After the last customer left the shop, Mister Redoak turned the sign until it said “Closed for the Day” and Najwa knew it was time to sweep the floors. So she swept the floors.
She swept them so efficiently that Mister Redoak did not believe that she had swept them at all, so she swept them again while he counted the dried beans that fell onto the counter throughout the day. Beneath the counter where he stood hung a little drawer that he brushed the strays after the customers left and each day he seemed to take pleasure in counting the beans as if to say “I have saved this much from the dustbin! Look at how much I have saved to sell tomorrow.”
Sometimes, it was as much as a quarter of a pound and he was very pleased.
Today, it was not so much, which might seem like a reasonable end of the day (little spillage, little waste!) but Mister Redoak grumbled nonetheless. Najwa knew when to smile and when to look contrite and as she swept the day’s dust into the yard, she knew that a solemn expression was needed, v samom dele. So she kept her gaze down and didn’t respond when he stomped his boots and hurried to help him finish the day’s chores.
“Nad-juh-wuh!” he said as he fumbled with the knot of his apron. “Confound it all…”
Najwa’s confident fingers quickly tugged the knot loose. She stepped back to let Mister Redoak pull it free.
“There, Mister Redoak,” she said carefully in her cheerful accent. “You will have good evening?”
Grumbling, Mister Redoak said something along the lines of “of course” and “you, too” as he closed up the shop and sent her on her own way back to the Pony where she roomed.
Dusk was just descending upon Bree, earlier than the week before, but still late enough for it to be late. She was certain the common room of the Pony would be bursting with patrons by the time she made it home. Perhaps she’d meander a bit down the alley to the more interesting parts of town, she thought, as he feet began to take her that way without even coming to the solid decision.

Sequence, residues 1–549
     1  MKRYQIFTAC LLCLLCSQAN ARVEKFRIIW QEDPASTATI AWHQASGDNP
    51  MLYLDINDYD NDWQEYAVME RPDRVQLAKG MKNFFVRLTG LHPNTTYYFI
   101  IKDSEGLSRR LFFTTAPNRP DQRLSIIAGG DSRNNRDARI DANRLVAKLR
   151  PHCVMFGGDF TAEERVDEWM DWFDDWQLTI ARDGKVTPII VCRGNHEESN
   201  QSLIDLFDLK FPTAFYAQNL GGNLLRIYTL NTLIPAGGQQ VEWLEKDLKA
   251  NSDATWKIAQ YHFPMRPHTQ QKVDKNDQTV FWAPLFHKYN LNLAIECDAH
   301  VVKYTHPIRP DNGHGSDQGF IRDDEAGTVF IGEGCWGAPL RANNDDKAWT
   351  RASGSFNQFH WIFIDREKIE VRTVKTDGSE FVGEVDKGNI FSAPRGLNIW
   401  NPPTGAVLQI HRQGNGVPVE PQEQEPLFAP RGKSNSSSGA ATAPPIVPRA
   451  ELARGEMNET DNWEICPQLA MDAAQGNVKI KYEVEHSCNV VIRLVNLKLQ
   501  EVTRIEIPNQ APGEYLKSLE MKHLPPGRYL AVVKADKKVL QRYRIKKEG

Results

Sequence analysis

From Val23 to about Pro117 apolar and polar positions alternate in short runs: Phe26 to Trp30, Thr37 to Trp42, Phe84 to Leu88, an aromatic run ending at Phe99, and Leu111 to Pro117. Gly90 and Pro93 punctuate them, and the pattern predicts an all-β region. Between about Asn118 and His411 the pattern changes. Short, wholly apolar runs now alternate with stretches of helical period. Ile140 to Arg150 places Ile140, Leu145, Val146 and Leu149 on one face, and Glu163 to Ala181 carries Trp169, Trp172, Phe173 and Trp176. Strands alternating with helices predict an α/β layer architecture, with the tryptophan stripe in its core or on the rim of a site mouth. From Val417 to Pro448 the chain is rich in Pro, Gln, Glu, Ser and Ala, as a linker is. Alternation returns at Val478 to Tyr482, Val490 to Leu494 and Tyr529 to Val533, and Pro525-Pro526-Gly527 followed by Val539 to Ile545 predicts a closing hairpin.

Children milled about unwilling to make the day end with their retreat into sagging houses. Mothers called impatiently that dinner was getting cold. Najwa only understood bits and pieces of the yelling and summoning, but she understood the magic that flowed through the streets. The bonds of family and companionship. The demands of survival and splendor. She smiled as a little girl rushed up a narrow flight of stairs to a room rented above a fur shop and then-
The color of the world flickered to black and white. She blinked and it was brown mud and honey red splashing off of windows again. Heart pounding in her ears, she took a few more steps. Shades of grey. A world the same and yet…bleaker. Void. Flashes of red, not honey red, blood red, and brown, brown skin, brown hair, black and white again.
Oh, no, she thought in a panic. Not again.
She stumbled into a corner out of the way and shrank into a tiny shadow. A quiet corner hid the frightened woman clutching her head as she rocked on her heels. She waited and waited until the color came back for good, only to find darkness had descended around her casting the entire world in black.
Shaking, Najwa looked up until she found the stars past the rooftops and chimneys. She counted each fallen warrior in the sky. With a deep breath, she pushed herself up the wall to stand on her own too feet and brushed her hair back from her face.
The headache was back again. The pain in her neck that spread down through her shoulders and into her very fingertips. The visions she saw when the world flickered off and on again haunted each step back to the cheerful light of the Prancing Pony and only when she stepped inside, looked around, and saw Valthier lounging in his seat with a half-empty glass of wine did she feel close to herself again.
She went over to him.
“Hello, Mister Valthier! It is very nice to see you!” She made a show of looking at his wine glass. “Do you want drink?”
As her little fingers set the coin in Butterbur’s palm, the ache in her neck nearly faded completely, but she was no closer to understanding what it was she saw in her head.